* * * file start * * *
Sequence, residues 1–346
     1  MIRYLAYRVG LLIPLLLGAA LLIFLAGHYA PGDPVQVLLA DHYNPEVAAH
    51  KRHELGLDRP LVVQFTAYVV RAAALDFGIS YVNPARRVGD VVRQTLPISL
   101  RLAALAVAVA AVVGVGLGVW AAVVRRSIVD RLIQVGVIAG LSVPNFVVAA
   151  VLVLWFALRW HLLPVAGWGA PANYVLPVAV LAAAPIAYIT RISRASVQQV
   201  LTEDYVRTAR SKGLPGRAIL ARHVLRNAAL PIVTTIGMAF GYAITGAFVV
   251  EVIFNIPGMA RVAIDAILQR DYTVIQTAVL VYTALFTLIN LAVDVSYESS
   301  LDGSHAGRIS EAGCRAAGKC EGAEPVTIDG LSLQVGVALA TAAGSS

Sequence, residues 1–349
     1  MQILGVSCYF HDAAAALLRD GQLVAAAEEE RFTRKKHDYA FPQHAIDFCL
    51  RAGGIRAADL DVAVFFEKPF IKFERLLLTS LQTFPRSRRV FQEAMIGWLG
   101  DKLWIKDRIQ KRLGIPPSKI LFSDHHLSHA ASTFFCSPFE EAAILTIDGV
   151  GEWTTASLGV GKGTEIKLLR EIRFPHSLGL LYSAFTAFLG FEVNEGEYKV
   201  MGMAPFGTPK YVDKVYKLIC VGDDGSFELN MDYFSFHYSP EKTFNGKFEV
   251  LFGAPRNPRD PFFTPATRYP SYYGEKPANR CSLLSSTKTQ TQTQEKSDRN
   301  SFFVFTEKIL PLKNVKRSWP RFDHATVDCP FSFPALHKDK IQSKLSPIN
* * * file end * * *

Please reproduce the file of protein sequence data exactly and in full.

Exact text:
Sequence, residues 1–346
     1  MIRYLAYRVG LLIPLLLGAA LLIFLAGHYA PGDPVQVLLA DHYNPEVAAH
    51  KRHELGLDRP LVVQFTAYVV RAAALDFGIS YVNPARRVGD VVRQTLPISL
   101  RLAALAVAVA AVVGVGLGVW AAVVRRSIVD RLIQVGVIAG LSVPNFVVAA
   151  VLVLWFALRW HLLPVAGWGA PANYVLPVAV LAAAPIAYIT RISRASVQQV
   201  LTEDYVRTAR SKGLPGRAIL ARHVLRNAAL PIVTTIGMAF GYAITGAFVV
   251  EVIFNIPGMA RVAIDAILQR DYTVIQTAVL VYTALFTLIN LAVDVSYESS
   301  LDGSHAGRIS EAGCRAAGKC EGAEPVTIDG LSLQVGVALA TAAGSS

Sequence, residues 1–349
     1  MQILGVSCYF HDAAAALLRD GQLVAAAEEE RFTRKKHDYA FPQHAIDFCL
    51  RAGGIRAADL DVAVFFEKPF IKFERLLLTS LQTFPRSRRV FQEAMIGWLG
   101  DKLWIKDRIQ KRLGIPPSKI LFSDHHLSHA ASTFFCSPFE EAAILTIDGV
   151  GEWTTASLGV GKGTEIKLLR EIRFPHSLGL LYSAFTAFLG FEVNEGEYKV
   201  MGMAPFGTPK YVDKVYKLIC VGDDGSFELN MDYFSFHYSP EKTFNGKFEV
   251  LFGAPRNPRD PFFTPATRYP SYYGEKPANR CSLLSSTKTQ TQTQEKSDRN
   301  SFFVFTEKIL PLKNVKRSWP RFDHATVDCP FSFPALHKDK IQSKLSPIN